1 pm Saturday and Sunday, Jan. 26-27. Free.
Southside Library, 6599 Jaguar Drive, 438-9273

Tropic of Capricorn hosts Howard Beckman, director of the Vedic Cultural Fellowship Center in Pecos, as he prophesies about �Vedic Astrology: Predictions for 2008.� Santa Fe gets stranger by the hour.
2 pm Sunday, Jan. 27. Free.
Tropic of Capricorn, 86 Old Las Vegas Hwy., 983-2700


return to top

Santa Fe Pro Musica honors the old drunkard with three mesmerizing concerts. Guest soloists Jon Nakamatsu, pianist, and Cyndia Sieden, soprano, join the Santa Fe Pro Musica Chamber Orchestra on Friday for a Beethoven sampler and return two days later for Wolfgang�s B-day. On Saturday pianist Julius Drake and tenor Ian Bostridge perform Schubert.
Beethoven: 7:30 pm Friday, Jan. 25.
Lensic, 211 W. San Francisco St.
Schubert Lieder: 6 pm Saturday, Jan. 26.
St. Francis Auditorium, 107 W. Palace Ave.
Mozart�s Birthday: 3 pm Sunday, Jan. 27.
Lensic, 211 W. San Francisco St.
Tickets for each show $15-$60, 988-4640 or 988-1234

Nothing gets the lasciviousness revving like a choir singing a requiem. �A Concert of the Chancel Choir, Singing Requiem by Gabriel Faure� knocks �em dead with just the right amount of vitality.
3 pm Sunday, Jan. 27. Free.
First Presbyterian Church, 208 Grant Ave., 982-8544

There�s nothing more soothing than kicking back, popping a cork on some vintage wine and turning up the volume on a gang of unaccompanied female voices that harmonize with pulsating vocal techniques harvested from Eastern European mysticism. Whether performing in Albanian, Serbo-Croatian, Georgian, Ladino, Latvian, Macedonian, Yiddish or ancient Greek, KITKA is an all-woman vocal ensemble powerhouse of reconcilable differences blowing up the spot like acontemporary rhapsodists on a steady diet of divinity.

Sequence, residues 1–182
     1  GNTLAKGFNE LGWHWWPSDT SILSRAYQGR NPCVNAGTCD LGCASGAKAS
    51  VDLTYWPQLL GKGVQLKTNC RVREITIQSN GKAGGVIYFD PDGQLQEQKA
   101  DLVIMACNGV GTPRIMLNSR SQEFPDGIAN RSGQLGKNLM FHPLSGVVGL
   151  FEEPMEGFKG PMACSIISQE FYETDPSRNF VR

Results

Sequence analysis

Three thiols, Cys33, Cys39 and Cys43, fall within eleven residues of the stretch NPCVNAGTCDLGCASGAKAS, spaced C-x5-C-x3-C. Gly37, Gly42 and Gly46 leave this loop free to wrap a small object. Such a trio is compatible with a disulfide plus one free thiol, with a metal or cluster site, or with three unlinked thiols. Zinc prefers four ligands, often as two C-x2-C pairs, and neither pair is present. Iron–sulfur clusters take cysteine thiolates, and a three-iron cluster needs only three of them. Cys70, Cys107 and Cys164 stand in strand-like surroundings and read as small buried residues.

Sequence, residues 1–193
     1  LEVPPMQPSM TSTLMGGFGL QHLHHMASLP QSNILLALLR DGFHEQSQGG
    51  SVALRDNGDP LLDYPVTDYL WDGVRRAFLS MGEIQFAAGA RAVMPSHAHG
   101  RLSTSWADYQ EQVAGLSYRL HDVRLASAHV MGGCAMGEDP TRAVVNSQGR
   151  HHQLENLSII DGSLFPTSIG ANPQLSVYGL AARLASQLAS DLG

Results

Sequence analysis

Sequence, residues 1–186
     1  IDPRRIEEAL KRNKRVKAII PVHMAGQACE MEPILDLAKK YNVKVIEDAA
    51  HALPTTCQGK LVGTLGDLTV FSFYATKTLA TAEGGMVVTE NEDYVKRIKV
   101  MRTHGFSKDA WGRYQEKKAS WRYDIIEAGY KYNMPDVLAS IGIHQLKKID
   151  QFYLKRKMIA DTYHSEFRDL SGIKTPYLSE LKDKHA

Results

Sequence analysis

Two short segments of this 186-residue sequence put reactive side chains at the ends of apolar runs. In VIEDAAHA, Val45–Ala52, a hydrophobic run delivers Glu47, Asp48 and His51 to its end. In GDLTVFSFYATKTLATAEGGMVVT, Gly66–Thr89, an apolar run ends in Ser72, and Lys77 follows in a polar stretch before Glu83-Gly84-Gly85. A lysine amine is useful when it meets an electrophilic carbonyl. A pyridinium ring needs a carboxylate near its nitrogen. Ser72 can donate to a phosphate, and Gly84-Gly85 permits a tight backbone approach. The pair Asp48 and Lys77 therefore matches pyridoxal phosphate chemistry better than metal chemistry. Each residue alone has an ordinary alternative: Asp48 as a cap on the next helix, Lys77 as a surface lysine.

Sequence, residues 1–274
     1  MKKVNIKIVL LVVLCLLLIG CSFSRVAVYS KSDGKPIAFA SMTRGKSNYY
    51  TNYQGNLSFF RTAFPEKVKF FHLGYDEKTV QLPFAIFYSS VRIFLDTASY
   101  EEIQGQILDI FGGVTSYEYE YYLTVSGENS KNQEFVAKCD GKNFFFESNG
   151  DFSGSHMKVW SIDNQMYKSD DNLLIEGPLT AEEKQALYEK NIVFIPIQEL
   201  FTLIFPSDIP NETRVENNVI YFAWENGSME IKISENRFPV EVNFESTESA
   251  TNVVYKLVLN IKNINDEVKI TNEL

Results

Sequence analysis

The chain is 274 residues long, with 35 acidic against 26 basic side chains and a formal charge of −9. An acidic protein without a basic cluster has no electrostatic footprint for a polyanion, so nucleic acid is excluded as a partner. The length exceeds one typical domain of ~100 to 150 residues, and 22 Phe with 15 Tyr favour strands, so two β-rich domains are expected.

7 pm Sunday, Jan. 27. $15-$20.
Greer Garson Theater, College of Santa Fe
1600 St. Michael�s Drive, 473-6196

Since being first discovered by Leonard Bernstein at the age of 16, Andre Watts has grown into one of the world�s best pianists of all time. Now 60, Watts has had the kind of career most experts vaingloriously salivate about. He has performed all over the world, his recitals and concerts always sell out, he has recorded for major record labels, played with the best orchestras, and has been honored time and time again. A legend in our midst, Watts tackles a brutal alternating run of Schubert and Beethoven. This is the concert of the year.
7:30 pm Tuesday, Jan. 29. $30-$80.
Lensic, 211 W. San Francisco St., 988-1234

The Revolution International Theater Festival shows in �Burque and Santa keep shaking up the bourgeois establishment with raw, choreographed, haunting, bizarre routines of blasphemy, integrity, wit and originality. This week John Fugelsang, who has appeared on shows such as Politically Incorrect with Bill Maher, and the bold, crazy, hilarious Nile Seguin, creator of Fear of a Brown Planet, attack the USA as part of the festival�s �3rd Annual Free Speech Comedy Art Series�. In addition, Teatr Figur of Krakow, Poland, presents The Smell of Elephants After the Rain, a beautiful distorted form of futile linguistic communication based on Italo Calvino�s Invisible Cities.
The Smell of Elephants�: 4 pm Sunday, Jan. 27;
Free Speech Comedy: 6 pm Sunday, Jan. 27 and 8 pm Tuesday, Jan. 29. $12-$18. Armory of the Arts, 1050 Old Pecos Trail, 982-7992


comments powered by Disqus


* indicates required
Choose your newsletter(s):

@SFReporter on Instagram